July 24, 2012 at 3:10 pm |
  6. unicorn

    regardless of who changes the books, you can't change what happened. Penn state won all of those games, just like it engaged in child abuse. Erasing the wins will not erase what happened. What is the point in giving them loses?

    The punishment does not fit the crime. It's odd because the punishment is neither slack nor too strict. It simply makes no sense. It's like a person getting a DUI and the punishment is the person has to pretend they have no work experience for the last decade.

    July 24, 2012 at 3:10 pm |
  7. JohnnyC

    Ah yes, the weekly anti-Catholic, God-hating Prothero article. Nicely done, Prothero, I hope you enjoy the blood money they pay you to subvert God's will on Earth. You are an operative and you are hell bound most likely but fortunately we see through you. Saint Michael the Archangel defend us in battle!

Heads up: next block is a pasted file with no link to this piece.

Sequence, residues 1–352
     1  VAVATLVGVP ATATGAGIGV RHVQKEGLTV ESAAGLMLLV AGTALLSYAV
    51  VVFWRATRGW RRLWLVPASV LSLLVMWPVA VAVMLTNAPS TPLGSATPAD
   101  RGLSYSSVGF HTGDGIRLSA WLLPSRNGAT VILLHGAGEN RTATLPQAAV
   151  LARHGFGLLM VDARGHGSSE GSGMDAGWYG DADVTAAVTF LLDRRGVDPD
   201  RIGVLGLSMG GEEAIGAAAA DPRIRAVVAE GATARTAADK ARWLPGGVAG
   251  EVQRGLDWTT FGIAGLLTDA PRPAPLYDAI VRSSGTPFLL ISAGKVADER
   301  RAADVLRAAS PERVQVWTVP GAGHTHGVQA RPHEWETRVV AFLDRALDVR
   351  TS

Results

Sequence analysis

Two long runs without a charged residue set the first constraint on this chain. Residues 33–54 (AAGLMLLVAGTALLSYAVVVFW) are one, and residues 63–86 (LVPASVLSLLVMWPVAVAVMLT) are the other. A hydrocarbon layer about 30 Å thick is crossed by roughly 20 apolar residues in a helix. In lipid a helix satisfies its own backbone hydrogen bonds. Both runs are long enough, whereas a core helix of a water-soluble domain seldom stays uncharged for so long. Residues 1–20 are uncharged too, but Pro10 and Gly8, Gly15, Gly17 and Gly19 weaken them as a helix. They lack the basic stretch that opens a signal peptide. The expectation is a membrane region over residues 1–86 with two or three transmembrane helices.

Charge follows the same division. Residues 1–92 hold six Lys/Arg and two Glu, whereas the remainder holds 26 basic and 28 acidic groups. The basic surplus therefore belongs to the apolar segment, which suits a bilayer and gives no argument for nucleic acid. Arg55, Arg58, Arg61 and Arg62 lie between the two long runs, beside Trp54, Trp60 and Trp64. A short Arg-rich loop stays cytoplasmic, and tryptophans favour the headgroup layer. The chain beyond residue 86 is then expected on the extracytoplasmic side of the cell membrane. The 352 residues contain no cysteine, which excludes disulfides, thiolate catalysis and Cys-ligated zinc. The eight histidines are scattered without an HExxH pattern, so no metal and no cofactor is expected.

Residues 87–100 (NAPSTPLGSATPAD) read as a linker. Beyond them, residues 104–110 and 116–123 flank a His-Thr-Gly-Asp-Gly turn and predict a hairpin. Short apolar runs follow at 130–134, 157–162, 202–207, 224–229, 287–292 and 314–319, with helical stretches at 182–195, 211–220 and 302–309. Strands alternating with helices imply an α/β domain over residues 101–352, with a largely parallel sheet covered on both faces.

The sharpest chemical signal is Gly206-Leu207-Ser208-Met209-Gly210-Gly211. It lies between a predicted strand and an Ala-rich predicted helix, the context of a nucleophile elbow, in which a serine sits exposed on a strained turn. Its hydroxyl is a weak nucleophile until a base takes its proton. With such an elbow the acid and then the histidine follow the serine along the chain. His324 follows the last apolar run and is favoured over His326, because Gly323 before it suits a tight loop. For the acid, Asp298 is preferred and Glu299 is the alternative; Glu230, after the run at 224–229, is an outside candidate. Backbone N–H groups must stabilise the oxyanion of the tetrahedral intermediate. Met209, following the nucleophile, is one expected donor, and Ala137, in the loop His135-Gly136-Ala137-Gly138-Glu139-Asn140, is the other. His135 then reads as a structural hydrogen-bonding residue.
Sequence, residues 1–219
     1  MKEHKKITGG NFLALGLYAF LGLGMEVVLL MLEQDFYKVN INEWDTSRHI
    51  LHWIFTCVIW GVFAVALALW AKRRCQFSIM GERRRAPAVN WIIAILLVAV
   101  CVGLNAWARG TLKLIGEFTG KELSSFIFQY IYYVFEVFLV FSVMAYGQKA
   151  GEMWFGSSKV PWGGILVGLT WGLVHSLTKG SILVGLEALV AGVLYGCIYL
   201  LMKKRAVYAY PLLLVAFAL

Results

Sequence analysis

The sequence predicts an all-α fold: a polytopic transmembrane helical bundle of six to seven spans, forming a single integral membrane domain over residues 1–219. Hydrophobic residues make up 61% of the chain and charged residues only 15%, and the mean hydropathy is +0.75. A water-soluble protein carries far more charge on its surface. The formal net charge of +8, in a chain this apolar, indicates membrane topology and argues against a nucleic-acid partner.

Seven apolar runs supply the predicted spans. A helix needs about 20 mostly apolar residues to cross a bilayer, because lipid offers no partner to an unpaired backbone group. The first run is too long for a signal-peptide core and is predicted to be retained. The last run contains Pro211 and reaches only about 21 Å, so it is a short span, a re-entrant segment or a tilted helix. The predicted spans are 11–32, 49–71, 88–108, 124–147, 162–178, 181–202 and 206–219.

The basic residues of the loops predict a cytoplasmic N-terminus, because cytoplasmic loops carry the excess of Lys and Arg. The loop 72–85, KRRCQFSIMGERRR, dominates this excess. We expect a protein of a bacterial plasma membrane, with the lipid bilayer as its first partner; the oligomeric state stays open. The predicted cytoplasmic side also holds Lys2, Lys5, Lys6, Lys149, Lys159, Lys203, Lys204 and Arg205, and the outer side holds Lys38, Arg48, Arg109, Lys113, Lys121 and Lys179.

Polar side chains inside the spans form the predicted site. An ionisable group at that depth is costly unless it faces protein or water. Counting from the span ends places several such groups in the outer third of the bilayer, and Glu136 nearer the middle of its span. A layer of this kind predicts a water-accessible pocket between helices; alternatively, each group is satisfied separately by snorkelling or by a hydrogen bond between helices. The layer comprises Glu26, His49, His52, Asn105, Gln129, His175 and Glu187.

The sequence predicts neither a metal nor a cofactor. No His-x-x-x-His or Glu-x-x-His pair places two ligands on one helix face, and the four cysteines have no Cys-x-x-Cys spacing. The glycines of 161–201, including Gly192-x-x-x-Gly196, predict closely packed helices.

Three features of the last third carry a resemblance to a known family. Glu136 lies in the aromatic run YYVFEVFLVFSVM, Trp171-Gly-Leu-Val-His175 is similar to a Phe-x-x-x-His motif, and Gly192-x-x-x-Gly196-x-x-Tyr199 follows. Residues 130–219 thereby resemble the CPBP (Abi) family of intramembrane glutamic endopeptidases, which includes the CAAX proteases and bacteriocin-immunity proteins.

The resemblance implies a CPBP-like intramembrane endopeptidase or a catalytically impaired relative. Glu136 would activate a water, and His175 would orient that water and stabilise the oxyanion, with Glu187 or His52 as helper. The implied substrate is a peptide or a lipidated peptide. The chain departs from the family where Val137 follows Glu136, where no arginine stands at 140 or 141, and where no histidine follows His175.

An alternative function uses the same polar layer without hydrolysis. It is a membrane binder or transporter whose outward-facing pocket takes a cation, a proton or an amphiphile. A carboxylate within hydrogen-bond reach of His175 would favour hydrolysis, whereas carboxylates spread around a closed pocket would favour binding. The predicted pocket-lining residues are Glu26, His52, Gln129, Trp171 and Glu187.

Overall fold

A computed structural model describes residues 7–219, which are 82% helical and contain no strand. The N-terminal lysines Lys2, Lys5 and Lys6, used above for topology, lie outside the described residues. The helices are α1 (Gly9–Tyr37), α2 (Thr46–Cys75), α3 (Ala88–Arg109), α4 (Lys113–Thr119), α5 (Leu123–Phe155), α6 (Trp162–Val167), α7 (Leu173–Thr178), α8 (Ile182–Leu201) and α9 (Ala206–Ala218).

July 24, 2012 at 3:10 pm |
    • pastafaria

      You really need to start limiting yourself to one glass of Kool-Aid after mass.

      July 24, 2012 at 3:15 pm |
    • JMM

      JohnnyC, Us infidels are winning the war of ideas. In 30 years religion will be totally irrelevant in this country because the youth are not buying into it. Kids believe in science and facts, they are smarter than EVER these days and simply do not buy into myths and fairy tales. You are free to believe what you want, i an not telling you different, I am just tel;ling you that modern is on a steep decline and for good reason.

      July 24, 2012 at 3:17 pm |
    • Confused